The fact that (1.3) is false is one immediate consequence of the main theorem of this note. Much more pointedly, it is proved that the random variables (1. 1) converge to zero arbitrarily slowly.

2. Main result.

THEOREM 1. Let X,, i = 1, 2, be i.i.d. and uniformly distributed on [0, 1
For any sequence c. such that c,). oo there is a class of functions J7 which is (a) uniformly bounded by 1 and (b) compact in the topology of uniform convergence such that

(1.4) c. sup,., 15 f(x)p(dx)  ~ f(x)p(n, a,, dx)i .> oo
with probability one.

PROOF. To construct the class J7 suppose that 0 < h, < 1 is a sequence of reals such that h. .> 0 and k. is a sequence of integers such that k. > n. For each n a finite set 9~ of functions is defined by the following procedure.
First [0, 11 is divided into k. intervals of equal length. Next a function f on [0, 1] is defined by (1) choosing n of the k. intervals and definingf to be zero on the chosen intervals; (2) defining f to be zero on the first and the last of the intervals; (3) definingf to be h. on the intervals wheref is not yet defined and which are not adjacent to intervals wheref has been defined, and (4) defining f by linear interpolation on all remaining intervals.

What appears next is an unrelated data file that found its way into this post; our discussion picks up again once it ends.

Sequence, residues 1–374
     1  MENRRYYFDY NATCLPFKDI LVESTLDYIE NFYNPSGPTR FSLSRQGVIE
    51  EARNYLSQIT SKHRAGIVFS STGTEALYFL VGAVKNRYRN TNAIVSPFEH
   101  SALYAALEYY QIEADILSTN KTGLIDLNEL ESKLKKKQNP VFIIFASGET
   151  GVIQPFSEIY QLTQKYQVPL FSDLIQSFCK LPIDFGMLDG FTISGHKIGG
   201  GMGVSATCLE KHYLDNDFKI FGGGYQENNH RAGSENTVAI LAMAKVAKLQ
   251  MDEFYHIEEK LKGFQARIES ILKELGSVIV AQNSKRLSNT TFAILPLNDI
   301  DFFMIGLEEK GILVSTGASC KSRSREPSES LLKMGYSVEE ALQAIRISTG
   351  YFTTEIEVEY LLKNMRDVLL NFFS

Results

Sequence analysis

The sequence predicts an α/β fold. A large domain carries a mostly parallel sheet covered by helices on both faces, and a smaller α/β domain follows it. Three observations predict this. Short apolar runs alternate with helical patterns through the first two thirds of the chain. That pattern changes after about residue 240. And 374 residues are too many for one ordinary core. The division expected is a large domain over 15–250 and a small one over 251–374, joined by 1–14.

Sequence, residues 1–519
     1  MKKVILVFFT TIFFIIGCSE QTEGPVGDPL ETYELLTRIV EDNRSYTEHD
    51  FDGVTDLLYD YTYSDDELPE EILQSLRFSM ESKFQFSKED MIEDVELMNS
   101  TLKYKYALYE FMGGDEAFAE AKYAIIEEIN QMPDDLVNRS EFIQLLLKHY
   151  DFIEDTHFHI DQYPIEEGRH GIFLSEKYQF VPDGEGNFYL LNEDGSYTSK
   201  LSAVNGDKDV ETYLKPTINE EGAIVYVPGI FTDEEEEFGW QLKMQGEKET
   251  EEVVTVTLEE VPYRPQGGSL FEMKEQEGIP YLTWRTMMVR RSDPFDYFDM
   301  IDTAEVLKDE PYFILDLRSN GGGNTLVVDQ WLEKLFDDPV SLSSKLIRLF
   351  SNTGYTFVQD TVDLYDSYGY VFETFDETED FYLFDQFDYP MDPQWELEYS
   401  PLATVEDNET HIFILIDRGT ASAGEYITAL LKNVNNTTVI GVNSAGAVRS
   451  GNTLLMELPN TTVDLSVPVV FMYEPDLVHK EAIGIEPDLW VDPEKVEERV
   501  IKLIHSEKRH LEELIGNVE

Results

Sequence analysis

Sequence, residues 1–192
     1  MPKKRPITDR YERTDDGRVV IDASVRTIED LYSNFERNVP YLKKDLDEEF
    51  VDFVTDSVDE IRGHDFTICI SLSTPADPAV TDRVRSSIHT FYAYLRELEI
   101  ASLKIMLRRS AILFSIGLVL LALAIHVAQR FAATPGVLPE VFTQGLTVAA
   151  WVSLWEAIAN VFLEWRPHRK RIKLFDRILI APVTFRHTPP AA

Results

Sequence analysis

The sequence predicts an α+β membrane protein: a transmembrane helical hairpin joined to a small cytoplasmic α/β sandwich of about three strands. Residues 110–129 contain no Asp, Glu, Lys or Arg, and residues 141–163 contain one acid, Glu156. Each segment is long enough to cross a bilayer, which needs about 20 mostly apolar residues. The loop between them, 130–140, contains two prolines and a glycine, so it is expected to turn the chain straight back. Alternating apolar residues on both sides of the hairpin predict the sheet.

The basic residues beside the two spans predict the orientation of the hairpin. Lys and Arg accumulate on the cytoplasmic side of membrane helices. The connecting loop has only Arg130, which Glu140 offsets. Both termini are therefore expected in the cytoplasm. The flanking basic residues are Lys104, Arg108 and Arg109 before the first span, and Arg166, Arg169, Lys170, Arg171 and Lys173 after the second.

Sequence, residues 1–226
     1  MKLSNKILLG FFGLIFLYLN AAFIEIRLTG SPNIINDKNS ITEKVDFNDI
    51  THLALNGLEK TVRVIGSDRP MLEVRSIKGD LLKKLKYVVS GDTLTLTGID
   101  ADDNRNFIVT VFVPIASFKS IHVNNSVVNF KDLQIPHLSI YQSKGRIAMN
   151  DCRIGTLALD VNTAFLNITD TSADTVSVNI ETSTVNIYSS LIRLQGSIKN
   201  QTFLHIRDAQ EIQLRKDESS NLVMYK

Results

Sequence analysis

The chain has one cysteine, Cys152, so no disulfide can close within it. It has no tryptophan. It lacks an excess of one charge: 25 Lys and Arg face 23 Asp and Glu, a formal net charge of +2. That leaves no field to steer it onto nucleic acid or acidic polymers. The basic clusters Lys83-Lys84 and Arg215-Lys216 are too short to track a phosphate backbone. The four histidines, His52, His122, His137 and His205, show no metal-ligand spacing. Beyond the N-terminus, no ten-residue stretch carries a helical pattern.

Finally is taken to be the set of all f defined by the preceding process. We note the elements of 97, are bounded by h. and that 5;~ contains at most Cn) distinct elements.
The class _57is defined to be the union of all the 97~ and the function which is identically zero. Since h. > 0 and since each is finite, any infinite sequence from .~7is seen to contain a uniformly convergent subsequence. Since the uniform topology is metric, this shows 57 is compact.
To provide estimates for (1.4) we suppose that k. is chosen so large that for A~ = {o): 1Xi  Xil :!9 llk,, for some i # j, i, j ~5 n} we have P(A.) ;5 l/n'. It will also be supposed that k. is taken so large that 2(n + 2)/k,' < h.12 for our future convenience.
Now for each o) e A,c one can select an f * e J~ such that f * is zero at each of the points Xl(o)), X,(w), . . ., X.(w). Consequently one has ~ f *(x)p(n, W, dx)
0. On the other hand, by elementary geometry one has
5 fp(dx) k h.  2(n + 2)/k.

for any f c Hence by the choice which was made for k., one has for